The concert of the British singer Dua Lipa in Shanghai ended in chaos last night after a large number of fans were forcibly removed by Chinese security guards, apparently without good reason.
Eyewitnesses told MailOnline that some fans were expelled from the concert because they carried flags in the shape of rainbows while others were dragged to their feet.
Before the calamity, the pop singer, who seems to be crying, console her fans from the stage.
Chinese security guards kicked out Dua Lipa fans last night, apparently without a good reason
Eyewitnesses told MailOnline that a woman was withdrawn after protesting the fact that security guards had demanded that she sit down during the live performance in Shanghai.
A video that circulates on Twitter shows the singer addressing her fans: "I want to create a really safe environment so that we can all have fun. I want everyone to dance.
"I want everyone to sing, I want everyone to have a good time."
"We are not here for a long time, we only have a few more songs, and I would like in these last songs that really, really, we have fun." What about that? & # 39;
Security guards burst into the arena with laser pointers and torches shortly after the concert began and when thousands of enthusiastic young fans sang along with Dua Lipa, according to a fan who was on the scene.
The fan, who only wanted to be known as Elsa, told MailOnline before the security guards appeared, the atmosphere of the concert had been excellent and orderly.
The 18-year-old Dua Lipa fan, a university student, said that many fans were standing while they enjoyed the music, but suddenly the security guards demanded they sit down.
She said she also saw a man being removed after allegedly waving a rainbow flag.
"Many fans in the front ranks held the rainbow flags high, and I heard they were ordered to knock down the flags, especially the fans in the first three rows," said Elsa who paid 980 yuan (£ 109) for a of the most expensive. ticket for the concert.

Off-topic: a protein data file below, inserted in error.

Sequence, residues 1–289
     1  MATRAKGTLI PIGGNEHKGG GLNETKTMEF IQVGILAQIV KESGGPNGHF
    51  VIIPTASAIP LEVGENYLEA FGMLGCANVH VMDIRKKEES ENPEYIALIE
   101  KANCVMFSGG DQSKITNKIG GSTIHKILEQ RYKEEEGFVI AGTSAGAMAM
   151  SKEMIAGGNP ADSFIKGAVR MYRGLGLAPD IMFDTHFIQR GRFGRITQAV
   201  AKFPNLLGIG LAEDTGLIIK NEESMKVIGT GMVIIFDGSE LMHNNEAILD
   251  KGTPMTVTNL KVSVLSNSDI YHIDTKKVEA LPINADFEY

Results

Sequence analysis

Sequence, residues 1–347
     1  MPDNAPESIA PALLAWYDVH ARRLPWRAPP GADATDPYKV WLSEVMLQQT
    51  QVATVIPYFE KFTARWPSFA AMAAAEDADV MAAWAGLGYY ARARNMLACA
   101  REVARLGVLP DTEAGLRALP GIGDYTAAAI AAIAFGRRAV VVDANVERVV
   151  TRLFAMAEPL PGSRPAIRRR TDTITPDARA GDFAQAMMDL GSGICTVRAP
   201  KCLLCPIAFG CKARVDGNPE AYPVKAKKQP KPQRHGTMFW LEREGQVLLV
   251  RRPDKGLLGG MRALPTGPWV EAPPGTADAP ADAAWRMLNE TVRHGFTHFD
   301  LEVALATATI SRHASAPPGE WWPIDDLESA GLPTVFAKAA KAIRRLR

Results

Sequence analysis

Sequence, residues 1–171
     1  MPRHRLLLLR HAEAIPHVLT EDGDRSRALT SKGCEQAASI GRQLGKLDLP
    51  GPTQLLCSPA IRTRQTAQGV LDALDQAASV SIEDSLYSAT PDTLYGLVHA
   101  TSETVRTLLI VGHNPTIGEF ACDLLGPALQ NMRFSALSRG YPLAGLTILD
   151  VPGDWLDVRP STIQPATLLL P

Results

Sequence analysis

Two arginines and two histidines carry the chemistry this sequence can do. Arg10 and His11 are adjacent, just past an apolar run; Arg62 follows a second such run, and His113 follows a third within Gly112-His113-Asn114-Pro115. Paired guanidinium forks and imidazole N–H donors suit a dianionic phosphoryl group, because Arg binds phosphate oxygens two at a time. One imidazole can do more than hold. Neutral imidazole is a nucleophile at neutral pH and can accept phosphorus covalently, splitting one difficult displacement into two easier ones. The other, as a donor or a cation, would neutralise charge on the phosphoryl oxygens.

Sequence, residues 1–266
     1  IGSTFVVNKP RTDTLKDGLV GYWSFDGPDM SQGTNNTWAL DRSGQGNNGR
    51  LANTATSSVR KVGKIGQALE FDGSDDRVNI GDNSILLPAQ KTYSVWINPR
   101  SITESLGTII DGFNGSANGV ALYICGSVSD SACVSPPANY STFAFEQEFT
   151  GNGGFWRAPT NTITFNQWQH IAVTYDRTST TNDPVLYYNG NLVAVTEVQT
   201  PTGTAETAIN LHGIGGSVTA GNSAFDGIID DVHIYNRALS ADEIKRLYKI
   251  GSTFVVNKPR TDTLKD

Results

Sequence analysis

She said that she liked Dua Lipa because the singer defended equality between men and women and transmitted many positive messages to her fans.
"As a lover of Western music and pop culture, this incident has broken my heart," he said, adding that he hoped the event would not have a negative impact on Dua Lipa's musical future in China.
Dua Lipa, annoyed, told her fans to have fun after seeing what had happened
One fan told MailOnline that the audience in the front rows was banned from holding rainbow flags
Another attendee at the concert, who wished to remain anonymous for fear of repercussions, told MailOnline that he saw a fan, a woman, being expelled by several security guards.
It was alleged that the amateur had given the middle finger to one of the security guards after I told him to sit down. The two parties had verbal altercations before the security guards withdrew the fans by force.
The fan, who also bought a higher-priced ticket, said the fans were kicked out & # 39; nonstop & # 39; throughout the concert.
However, he said it was not clear why security guards had banned crowds from carrying rainbow-shaped flags.
The singer has openly supported the LGBT community in her music video & # 39; Blow Your Mind & # 39;
The videos of fans who were expelled from the concert have been widely shared on social networks, and most web users criticized the brutal behavior of the security guards.
A music critic wrote on his account on Weibo, similar to Twitter in China, condemning the act of concert staff, calling it "off line".
The critic said: "The fact that fans sometimes stand up to take pictures and clap during concerts is completely acceptable and controllable.
& # 39; It is not necessary (for the staff) to catch them and expel them as if they were fugitives & # 39;
Dua Lipa made his first tour of China this week, with a concert in Guangzhou on Tuesday and another yesterday at the National Exhibition and Convention Center in Shanghai.
The singer has openly supported the LGBT community in her music video & # 39; Blow Your Mind & # 39 ;, but for the Chinese authority the rights of homosexuals remain a taboo subject.
Many traditional Chinese media make an effort to eliminate any LGBT symbol in their coverage.
A Chinese television station cut a gay-themed dance and blew the rainbow flags in the audience as it broadcast the Eurovision Song Contest earlier this year.
MailOnline has contacted the representatives of Dua Lipa and the organizer of the tour of the singer in China to receive comments, and is waiting for answers.